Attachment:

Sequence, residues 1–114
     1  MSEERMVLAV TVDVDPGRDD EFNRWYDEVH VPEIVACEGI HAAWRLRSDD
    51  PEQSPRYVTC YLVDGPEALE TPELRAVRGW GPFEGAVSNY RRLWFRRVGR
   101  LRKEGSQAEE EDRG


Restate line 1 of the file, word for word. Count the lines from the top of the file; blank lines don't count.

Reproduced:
Sequence, residues 1–114